November 6th, 2020
Shawn and I went to Mount Calvary Catholic Cemetery while I was in Texas a couple weeks ago. Shawn’s husbands are buried there, both of them.
Shawn is my sister-in-law, and she is twice a widow. That would seem to be an uncommon situation, and an unpleasant one. It is hard enough for a person to lose one spouse to death, but to lose two?
Mount Calvary is hidden away in a low income area of Bryan, Texas. It is a bit hard to find, at least it is for a Yankee like me. Shawn had to give me directions to the graveyard, because I couldn’t remember where it was. We arrived there in my old Ford Focus on a sunny Wednesday morning. The grounds were well kept, and there were a few trees to provide shade. It was quiet there.
I am not a big fan of cemeteries. However, my brother, Marc, was. Marc was Shawn’s first husband. Marc was also an amateur photographer. He loved to take pictures in cemeteries. He had a strange connection with these places, especially with Mount Calvary. I have a black and white picture of Marc, sitting in this cemetery, apparently pondering his mortality.
Marc died in February of 1998. He blew his mind out in a car. Marc was going to a park to play frisbee golf with a close friend. Marc’s Mazda spun out on some gravel and he hit a bridge abutment. Marc was killed instantly. His passenger survived with just a few scratches.
That was my first real encounter with death. Up until that time, I was only vaguely familiar with the end game. I had had grandparents die, but they were old, and it only seemed natural that they should move on. When Marc died, eleven years younger than myself, death became very, very real. I wasn’t afraid to die, but I was suddenly aware that I was in the batting order.
Shawn and I stood next to Marc’s headstone. It’s a black rock, deeply carved with his essential information, and also etched with an insipid phrase that is intended to inspire (or at least not piss off) anybody who bothers to visit the grave. It says something maudlin like “always in our hearts” or words like that. I forget exactly what.
Shawn remembered how brutally competitive Marc was about nearly everything, especially video games. I remembered that too. Back in the early 1980’s, I played “Missile Command” with Marc. He beat me by about 10,000 points. I finally threw down my controller and walked away. Marc yelled after me, “Can’t take it? Too much for you?” Fuck you, Marc.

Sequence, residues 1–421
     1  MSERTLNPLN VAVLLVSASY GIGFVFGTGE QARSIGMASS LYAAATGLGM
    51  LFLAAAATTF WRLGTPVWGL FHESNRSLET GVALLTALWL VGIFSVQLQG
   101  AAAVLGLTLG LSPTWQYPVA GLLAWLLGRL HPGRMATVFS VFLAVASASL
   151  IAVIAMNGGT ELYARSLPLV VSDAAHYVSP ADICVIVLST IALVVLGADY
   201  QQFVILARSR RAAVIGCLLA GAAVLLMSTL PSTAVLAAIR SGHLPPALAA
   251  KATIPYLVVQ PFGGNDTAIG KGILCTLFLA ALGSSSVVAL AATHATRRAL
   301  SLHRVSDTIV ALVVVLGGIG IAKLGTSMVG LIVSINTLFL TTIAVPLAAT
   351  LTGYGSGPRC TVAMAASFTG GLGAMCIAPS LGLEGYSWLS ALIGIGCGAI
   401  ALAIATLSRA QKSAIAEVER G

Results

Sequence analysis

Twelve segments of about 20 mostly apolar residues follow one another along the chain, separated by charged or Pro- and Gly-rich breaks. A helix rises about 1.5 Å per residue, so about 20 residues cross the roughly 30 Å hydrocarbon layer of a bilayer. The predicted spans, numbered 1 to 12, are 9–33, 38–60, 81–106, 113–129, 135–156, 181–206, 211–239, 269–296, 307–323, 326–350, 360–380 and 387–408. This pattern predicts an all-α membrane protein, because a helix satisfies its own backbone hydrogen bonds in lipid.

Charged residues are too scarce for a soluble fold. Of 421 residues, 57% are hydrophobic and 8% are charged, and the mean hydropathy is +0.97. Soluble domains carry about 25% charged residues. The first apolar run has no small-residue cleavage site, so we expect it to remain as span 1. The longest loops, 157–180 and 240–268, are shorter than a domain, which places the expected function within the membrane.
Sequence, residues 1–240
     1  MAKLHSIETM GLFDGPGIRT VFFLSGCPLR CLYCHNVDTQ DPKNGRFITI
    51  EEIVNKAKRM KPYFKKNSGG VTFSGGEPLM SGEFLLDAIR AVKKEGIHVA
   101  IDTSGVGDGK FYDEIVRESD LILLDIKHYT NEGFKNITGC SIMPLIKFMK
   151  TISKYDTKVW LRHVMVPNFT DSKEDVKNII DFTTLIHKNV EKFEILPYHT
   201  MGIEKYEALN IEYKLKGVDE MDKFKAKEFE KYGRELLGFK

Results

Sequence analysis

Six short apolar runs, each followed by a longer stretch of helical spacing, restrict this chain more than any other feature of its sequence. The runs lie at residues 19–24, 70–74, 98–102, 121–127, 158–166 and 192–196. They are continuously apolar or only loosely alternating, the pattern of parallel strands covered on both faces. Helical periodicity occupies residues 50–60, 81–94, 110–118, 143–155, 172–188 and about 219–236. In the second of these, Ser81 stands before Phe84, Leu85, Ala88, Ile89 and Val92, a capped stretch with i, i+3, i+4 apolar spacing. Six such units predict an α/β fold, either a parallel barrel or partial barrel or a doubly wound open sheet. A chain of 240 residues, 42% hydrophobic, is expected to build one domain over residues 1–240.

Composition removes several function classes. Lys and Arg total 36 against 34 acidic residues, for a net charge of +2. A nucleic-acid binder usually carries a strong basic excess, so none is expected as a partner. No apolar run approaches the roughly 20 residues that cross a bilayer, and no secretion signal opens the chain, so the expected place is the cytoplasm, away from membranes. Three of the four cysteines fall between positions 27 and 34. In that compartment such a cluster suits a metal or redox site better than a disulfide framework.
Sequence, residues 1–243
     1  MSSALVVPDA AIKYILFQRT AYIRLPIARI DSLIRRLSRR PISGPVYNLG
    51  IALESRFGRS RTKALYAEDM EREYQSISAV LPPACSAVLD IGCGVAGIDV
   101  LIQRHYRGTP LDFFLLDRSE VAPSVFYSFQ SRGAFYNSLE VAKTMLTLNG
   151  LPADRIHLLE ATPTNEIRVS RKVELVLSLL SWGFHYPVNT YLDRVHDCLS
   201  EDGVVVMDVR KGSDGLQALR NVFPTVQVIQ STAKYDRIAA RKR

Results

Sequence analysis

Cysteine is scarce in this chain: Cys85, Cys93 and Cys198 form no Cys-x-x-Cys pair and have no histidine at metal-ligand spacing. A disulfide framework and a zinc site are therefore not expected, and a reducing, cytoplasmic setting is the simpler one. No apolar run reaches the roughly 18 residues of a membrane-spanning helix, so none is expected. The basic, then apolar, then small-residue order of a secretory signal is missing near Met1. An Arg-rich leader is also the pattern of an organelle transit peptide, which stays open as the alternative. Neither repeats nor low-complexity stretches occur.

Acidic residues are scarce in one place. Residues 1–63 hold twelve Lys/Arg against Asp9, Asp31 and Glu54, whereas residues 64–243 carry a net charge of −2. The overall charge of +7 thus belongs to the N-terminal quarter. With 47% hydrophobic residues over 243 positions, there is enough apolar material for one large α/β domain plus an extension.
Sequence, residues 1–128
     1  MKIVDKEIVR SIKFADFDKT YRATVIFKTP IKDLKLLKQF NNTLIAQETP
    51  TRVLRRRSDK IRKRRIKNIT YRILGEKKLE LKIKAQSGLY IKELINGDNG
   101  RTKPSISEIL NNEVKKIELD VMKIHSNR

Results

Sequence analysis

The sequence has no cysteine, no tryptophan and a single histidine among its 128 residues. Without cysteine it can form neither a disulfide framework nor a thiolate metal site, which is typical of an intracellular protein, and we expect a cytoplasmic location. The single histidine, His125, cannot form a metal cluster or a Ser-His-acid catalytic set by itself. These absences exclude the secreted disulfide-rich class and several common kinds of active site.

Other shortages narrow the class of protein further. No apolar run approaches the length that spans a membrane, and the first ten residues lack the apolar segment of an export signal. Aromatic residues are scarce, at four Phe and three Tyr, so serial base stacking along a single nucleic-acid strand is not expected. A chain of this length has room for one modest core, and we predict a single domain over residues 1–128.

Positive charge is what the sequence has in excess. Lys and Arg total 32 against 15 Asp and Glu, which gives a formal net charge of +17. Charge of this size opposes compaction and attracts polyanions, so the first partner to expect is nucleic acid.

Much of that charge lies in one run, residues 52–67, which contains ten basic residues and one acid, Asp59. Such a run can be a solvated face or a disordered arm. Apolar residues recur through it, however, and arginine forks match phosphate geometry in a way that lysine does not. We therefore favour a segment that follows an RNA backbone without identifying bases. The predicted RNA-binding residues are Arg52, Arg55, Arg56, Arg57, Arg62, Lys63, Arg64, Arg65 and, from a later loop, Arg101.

Shawn and I thought that perhaps we should change the writing on his gravestone. We could erase the Hallmark phrase and write down, “I win!” or “I am superior!”. These are all things that Marc actually said during his life. Why not?
I don’t want to be derogatory toward Marc. Of all my brothers, I was closest to Marc. I’m not sure why that was. We had similar life paths, and we thoroughly understood each other. It truly hurt me when he died. Something inside me died along with him. Marc was an intensely spiritual man, and he was a devoted husband and father. In the short time given to him, Marc did things right.
Shawn’s second husband, Bob, is buried next to Marc. I did not know Bob well. He was a rough and tumble kind of guy. He had a gift for music and art. He and Shawn came to love each other, and I liked the man. I wrote to him once that there were no hard feelings between my family and him. I wanted Bob to know that my family, i.e. Marc’s family, was okay with his marriage to Shawn.
Bob died of brain cancer. He and Shawn knew that he had the cancer when they married. Bob died in Shawn’s arms. Shawn begged God to be merciful. She didn’t want to lose two men that she loved dearly. God said “no”. Shawn still believes in God.
As I stood in front of the two tombstones, of Marc and Bob, I felt uneasy. There was too much suffering. There were too many things left unspoken. There was too much left unresolved.
Shawn wanted to say the “Hail Mary” while we were there. We did. I think we did the Buddhist prayer too: “Na Mu Myo Ho Ren Ge Kyo”. Maybe we didn’t do that together. Maybe I only did.
There are no answers. There are only questions.